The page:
Investigation of the Regulation of Gene Expression of the bHLH Transcription Factor Neurogenin2 and the Protein Arginine Methyltransferase PRMT8 in the Neuronal Milieu (Doctoral thesis)

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The main goal of this thesis was to investigate the regulatory mechanisms governing the expression of transcription factors and epigenetic modulators which are involved in neurogenesis focusing on the arginine methyltransferase PRMT8, and the bHLH protein Ngn2. Histone methylation on arginine residues is a new mechanism implicated in the dynamic regulation of chromatin structure and epigenetic memory. It is mediated by specialized enzymes called PRMTs. PRMT8 is particularly interesting because it is expressed exclusively in the nervous system, however its putative role in the process of adult neurogenesis is yet unknown. A fundamental role in neurogenesis as well as in neural stem cell maintenance and cell fate determination is played by the bHLH family of transcription factors. One of the proneural genes of this family, and a crucial regulator of neurogenesis is Ngn2. Both the levels and the activity of Ngn2 are under strict control which is essential for the initiation of the differentiation process. However, the regulation of Ngn2 gene expression is still poorly understood. By analyzing the expression profile of PRMT8 in the adult mouse hippocampus, we showed that PRMT8 is localized solely in the nucleus of the mature NeuN+ neurons in the granular zone of the dentate gyrus,and is never expressed together with the early differentiation marker DCX. To investigate the role of PRMT8 in vivo, we generated retroviral vectors in order to overexpress or downregulate the protein in the neurogenic regions of the adult mouse brain. During these experiments we realized that the cDNA sequence which was annotated in the NCBI database, produced only the membrane-bound and not the nuclear form. By analyzing more extensively the 5’ end of the gene using cRACE or 5’ RLM-RACE, we identified several novel alternative transcripts. One of them differs from the established PRMT8 mRNA only in the first exon, and probably represents the nuclear isoform. We also investigated the regulation of Ngn2 gene expression during neuronal differentiation, using as models rat neural progenitor cells (NPCs) as well as human neuroblastoma cells. In the NPCs, the Ngn2 mRNA levels increase fast within the first three hours of differentiation, and then decrease rapidly to undetectable levels. In the neuroblastoma cells the Ngn2 mRNA increases gradually at the early stages of differentiation and then it remains at constantly low levels for the rest of the program. In low serum, but in the absence of RA which is essential for neuronal differentiation, the mRNA levels of Ngn2 rise dramatically and remain high, indicating that continuous presence of RA is important for the control of itssteady state levels. By studying the changes in the protein profile of Ngn2, we noticed a disparity with the corresponding mRNA levels. Further analysis revealed that Ngn2 expression is also regulated at the level of translation and uncovered the presence of a negative feedback mechanism between Ngn2 and HuD, an RNA binding protein which can enhance or suppress the translation of its mRNA targets. The 5’-UTR of the Ngn2 mRNA seems to play a fundamental role in this mechanism, influencing not only the regulation of translation but also the interplay between Ngn2 and HuD. Overexpression experiments revealed that a small number of cells expressing Ngn2 can increase the expression of endogenous HuD in the total cell population, however, co-expression of the HMG family transcription factor Sox11 restricts the expression of HuD exclusively in the Ngn2+ cells, indicating that Ngn2 and Sox11 can synergize to control the expression of target genes. Analysis of the transcriptome profile (RNAseq) at distinct stages of neuronal differentiation in which the expression pattern of Ngn2 changes in a defined manner, resulted in the identification of several genes that provide a source for future studies in order to understand better the network of key regulators of neurogenesis whose expression is adjusted at multiple levels, such as Ngn2.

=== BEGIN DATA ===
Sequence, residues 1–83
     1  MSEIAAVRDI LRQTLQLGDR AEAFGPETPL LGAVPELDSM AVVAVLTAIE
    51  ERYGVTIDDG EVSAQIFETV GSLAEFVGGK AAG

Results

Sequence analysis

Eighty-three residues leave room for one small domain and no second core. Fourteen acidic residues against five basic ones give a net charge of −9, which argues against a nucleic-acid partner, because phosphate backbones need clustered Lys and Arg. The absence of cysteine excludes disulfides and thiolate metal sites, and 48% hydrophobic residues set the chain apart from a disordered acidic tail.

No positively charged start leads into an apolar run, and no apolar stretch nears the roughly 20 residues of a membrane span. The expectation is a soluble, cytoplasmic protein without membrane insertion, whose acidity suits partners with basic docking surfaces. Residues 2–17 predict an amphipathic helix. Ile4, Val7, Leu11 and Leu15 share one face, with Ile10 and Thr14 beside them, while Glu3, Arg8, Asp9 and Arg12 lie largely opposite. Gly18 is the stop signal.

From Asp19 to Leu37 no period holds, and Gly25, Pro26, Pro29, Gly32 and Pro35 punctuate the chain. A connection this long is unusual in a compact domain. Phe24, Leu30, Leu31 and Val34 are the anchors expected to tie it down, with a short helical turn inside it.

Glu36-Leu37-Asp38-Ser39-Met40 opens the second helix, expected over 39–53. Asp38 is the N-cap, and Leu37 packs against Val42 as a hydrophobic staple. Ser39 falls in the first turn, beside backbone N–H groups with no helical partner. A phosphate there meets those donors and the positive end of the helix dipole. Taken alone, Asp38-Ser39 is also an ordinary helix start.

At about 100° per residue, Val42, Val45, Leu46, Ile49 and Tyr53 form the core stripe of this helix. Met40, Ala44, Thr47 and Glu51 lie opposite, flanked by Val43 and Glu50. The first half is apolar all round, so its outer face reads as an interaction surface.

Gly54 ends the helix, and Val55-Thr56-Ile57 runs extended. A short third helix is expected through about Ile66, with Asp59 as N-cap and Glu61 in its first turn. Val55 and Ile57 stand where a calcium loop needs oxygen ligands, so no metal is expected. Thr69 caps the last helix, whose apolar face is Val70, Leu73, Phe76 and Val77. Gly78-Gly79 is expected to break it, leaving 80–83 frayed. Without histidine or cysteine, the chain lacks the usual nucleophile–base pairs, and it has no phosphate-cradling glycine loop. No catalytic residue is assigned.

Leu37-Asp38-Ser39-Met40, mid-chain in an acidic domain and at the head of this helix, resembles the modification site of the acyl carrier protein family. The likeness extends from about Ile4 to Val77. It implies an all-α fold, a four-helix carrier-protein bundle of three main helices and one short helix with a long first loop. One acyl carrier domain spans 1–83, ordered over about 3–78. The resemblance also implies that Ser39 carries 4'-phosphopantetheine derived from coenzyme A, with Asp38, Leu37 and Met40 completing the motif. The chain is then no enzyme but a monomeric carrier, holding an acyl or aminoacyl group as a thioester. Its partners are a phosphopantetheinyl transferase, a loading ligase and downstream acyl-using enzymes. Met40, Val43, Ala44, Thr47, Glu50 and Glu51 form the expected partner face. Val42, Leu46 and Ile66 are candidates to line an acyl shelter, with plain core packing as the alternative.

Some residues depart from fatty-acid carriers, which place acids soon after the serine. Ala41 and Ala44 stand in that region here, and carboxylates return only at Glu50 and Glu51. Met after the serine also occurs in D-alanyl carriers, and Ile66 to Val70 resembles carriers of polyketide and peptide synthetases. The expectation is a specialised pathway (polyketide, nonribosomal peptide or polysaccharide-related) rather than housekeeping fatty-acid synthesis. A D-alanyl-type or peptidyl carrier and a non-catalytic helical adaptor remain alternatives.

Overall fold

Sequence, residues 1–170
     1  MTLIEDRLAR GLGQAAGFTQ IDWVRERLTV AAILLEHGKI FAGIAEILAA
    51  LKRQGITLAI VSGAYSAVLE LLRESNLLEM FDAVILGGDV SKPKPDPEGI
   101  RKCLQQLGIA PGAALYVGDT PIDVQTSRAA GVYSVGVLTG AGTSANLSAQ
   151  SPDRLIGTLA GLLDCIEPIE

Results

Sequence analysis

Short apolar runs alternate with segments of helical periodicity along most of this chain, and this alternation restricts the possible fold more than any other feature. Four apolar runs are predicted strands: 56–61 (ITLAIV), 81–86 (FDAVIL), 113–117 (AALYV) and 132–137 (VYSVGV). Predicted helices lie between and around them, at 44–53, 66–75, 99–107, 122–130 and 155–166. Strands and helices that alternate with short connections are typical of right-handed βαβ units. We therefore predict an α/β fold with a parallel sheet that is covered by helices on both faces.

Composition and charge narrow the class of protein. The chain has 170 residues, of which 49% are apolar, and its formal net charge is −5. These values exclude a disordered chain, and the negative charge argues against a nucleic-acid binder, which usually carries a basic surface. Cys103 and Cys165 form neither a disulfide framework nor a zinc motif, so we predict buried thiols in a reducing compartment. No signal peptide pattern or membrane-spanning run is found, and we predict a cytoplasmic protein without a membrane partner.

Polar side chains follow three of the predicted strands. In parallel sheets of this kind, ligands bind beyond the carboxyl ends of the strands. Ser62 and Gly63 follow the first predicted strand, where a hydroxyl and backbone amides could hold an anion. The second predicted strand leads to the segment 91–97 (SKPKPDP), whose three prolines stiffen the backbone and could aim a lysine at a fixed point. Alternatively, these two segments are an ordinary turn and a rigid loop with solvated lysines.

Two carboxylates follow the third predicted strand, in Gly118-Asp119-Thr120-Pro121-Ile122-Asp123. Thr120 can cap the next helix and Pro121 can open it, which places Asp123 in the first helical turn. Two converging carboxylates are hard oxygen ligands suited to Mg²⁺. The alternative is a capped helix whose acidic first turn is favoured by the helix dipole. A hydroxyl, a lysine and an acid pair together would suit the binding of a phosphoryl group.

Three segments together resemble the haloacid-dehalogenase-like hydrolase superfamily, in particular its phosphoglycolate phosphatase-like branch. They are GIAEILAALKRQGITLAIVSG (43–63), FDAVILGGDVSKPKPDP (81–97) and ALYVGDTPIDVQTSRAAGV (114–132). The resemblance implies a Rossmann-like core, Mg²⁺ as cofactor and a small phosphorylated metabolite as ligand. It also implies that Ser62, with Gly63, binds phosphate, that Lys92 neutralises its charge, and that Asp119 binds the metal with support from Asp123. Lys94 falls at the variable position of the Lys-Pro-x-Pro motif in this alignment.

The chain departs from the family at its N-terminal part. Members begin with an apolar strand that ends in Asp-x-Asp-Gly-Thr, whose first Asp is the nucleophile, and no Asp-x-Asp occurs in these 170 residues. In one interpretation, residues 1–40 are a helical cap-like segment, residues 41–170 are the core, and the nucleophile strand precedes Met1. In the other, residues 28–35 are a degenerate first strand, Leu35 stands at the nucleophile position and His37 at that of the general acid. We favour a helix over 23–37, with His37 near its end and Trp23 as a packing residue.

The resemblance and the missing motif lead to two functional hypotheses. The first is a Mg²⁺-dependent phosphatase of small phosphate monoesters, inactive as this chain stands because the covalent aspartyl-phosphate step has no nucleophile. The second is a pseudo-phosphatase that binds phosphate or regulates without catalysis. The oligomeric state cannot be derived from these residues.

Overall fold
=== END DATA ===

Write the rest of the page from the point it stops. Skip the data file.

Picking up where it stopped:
Institution and School/Department of submitter: Πανεπιστήμιο Ιωαννίνων. Σχολή Επιστημών Υγείας. Τμήμα Βιολογικών Εφαρμογών και Τεχνολογιών
Subject classification: Αναπτυξιακή νευροβιολογία
Keywords: Ngn2,PRMT8,Νευρική διαφοροποίηση,Μεταφραστική ρύθμιση,Εναλλακτικά μετάγραφα,Neuronal differentiation,Translational regulation,Alternative splice variants
Appears in Collections:Διδακτορικές Διατριβές

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